'Dark days for public health' as top jobs remain unfilled; Critics blame the Conservatives for cutting posts' autonomy and salary
Federal government hasn't filled top doctor's job, 15 months later
(Ottawa Citizen, Dylan Robertson )
Canadians has been without a chief federal public health officer for 15 months, while a renowned federal microbiology lab has now gone six months without a leader.
Critics say the government's tardiness in filling the two key posts - the first vacated in 2013 by Dr. David Butler-Jones, the second held until earlier this year by Dr. Frank Plummer - is because the Conservatives have undercut the independence and salary of each role, making it difficult to attract the right candidates. But Health Canada officials say the department has been working hard to find replacements.
Butler-Jones stepped down in June 2013 as Canada's Chief Public Health Officer following a stroke. Filling in since has been deputy officer Dr. Gregory Taylor.
Plummer stepped down as head of the National Microbiology Laboratory in March after battling cancer, leaving it in the hands of executive director Steven Guercio.
The role of the Chief Public Health Officer, who leads the Public Health Agency of Canada, was designed after the deadline outbreak of SARS (Severe acute respiratory syndrome) in 2003, and was meant to provide non-partisan, apolitical expertise to Canadians during national health crises.
Liberal MP Carolyn Bennett appointed Butler-Jones in 2004 when she was minister of state for public health. She now says the government's tight control of public scientists has likely made it impossible for find a qualified candidate.
"From the day the Conservatives took over, the chief public health officer doesn't seem able to fill his duties in way it had been designed," she said. "Who would want to do this job, if you're going to be undercut at every turn?" In the midst of the 2008 listeriosis outbreak that killed 22 people, the Canadian Medical Association Journal slammed the federal government for making the agriculture minister the lead public face for the government's response, rather than giving that role to Butler-Jones.
Butler-Jones was much more visible the following year, during the H1N1 influenza crisis and immunization campaign, providing frequent briefings to journalists and urging the public to get vaccinated.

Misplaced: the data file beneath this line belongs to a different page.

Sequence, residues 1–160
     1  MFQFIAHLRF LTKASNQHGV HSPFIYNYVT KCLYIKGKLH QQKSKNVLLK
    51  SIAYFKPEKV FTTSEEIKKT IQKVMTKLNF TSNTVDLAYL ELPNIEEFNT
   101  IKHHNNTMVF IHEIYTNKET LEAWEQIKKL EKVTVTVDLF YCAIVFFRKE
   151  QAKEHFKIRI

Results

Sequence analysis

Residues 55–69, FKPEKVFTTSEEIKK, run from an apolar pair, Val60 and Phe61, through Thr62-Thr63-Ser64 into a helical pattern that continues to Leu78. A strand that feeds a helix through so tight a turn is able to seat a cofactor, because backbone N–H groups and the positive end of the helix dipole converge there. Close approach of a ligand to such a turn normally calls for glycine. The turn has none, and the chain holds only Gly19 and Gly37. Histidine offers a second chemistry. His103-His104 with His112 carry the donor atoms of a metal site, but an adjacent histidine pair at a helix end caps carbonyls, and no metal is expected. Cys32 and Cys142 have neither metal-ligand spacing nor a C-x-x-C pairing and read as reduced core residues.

The government has had 15 months to find a replacement for Butler-Jones, but even if he hadn't stepped down early, his term would have expired this coming Tuesday.
Some worry the lack of a chief public health spokesman is hurting Canada internationally. The UN Security Council held an emergency meeting Thursday to discuss the Ebola outbreak, deeming it "a threat to international peace and security." Such discussions call for a public health officer, according to Dr. Richard Schabas, Ontario's former chief medical officer, who now works with the Hastings and Prince Edward Counties Health Unit.
"Ebola almost certainly will not come to Canada, but obviously the chief public health officer is the one you'd like to see on the front page of the newspapers telling people what the risks are; and if the risk is small that's a very credible message," he said. No cases of Ebola have been confirmed in Canada.
Schabas said he's heard the salary currently being offered is "not competitive." The firm hiring Butler-Jones's replacement would not disclose the salary range, nor would the Privy Council Office or Health Canada, which referred questions to the Prime Minister's Office. It did not respond to a request for that information Friday. Schabas also says "it doesn't have the independence a job like that should have." He said it was "fairly well-known" that Health Canada kept close tabs on Butler-Jones.
U.S. public health officials briefed Congress last week on the threat of Ebola. At a parliamentary debate last Monday on the issue, Bennett said Canadians also deserve to hear from a Canadian chief public health officer.
"We must be hearing directly from medical people, not from politicians, if we are going to expect Canadians to have confidence in our public health system in Canada," she said.
So far, Taylor has briefed opposition MPs on Ebola, but hasn't made a public statement.
Health Minister Rona Ambrose's office said in a written statement that Taylor "is doing a phenomenal job.
"We have every confidence in him. He has demonstrated strong leadership on pressing public health issues, such as H5N1 and Ebola," said Michael Bolkenius.
Meanwhile, the 500-strong microbiology lab in Winnipeg has been hailed worldwide for its role in an experimental Ebola vaccine that reportedly cured two Americans last month. But without a director, Bennett says that lab's work is becoming political fodder.
"Seeing the Minister of Culture and Heritage running a press conference in Winnipeg about the vaccine, I thought: Really? What has happened? It's just so disappointing."
Like the posting for top doctor, the lab head job offers little independence, says NDP Health critic Libby Davies. When it was posted in April, the salary ranged from $132,600 to $231,900.
"The posting was buried on the website and the pay scale seemed to be not commensurate with the position," Davies said.
The deadline for the posting - which remains unfilled - was extended. It has also drawn criticism for not requiring bilingualism or a PhD, while stressing experience in representing organizations and managing program delivery.
"There's a concern in the scientific community that it's doing to be someone downgraded as an administrative role, instead of trying to attract a top scientist," says Davies.
Health Canada said in a statement it's "concluding a meritbased staffing process to fill this position" and has a shortlist.
Bennett says even after both positions are filled, she fears the government will likely put partisan politics ahead of clear communication.
"These are dark days for public health."
via Ottawa Citizen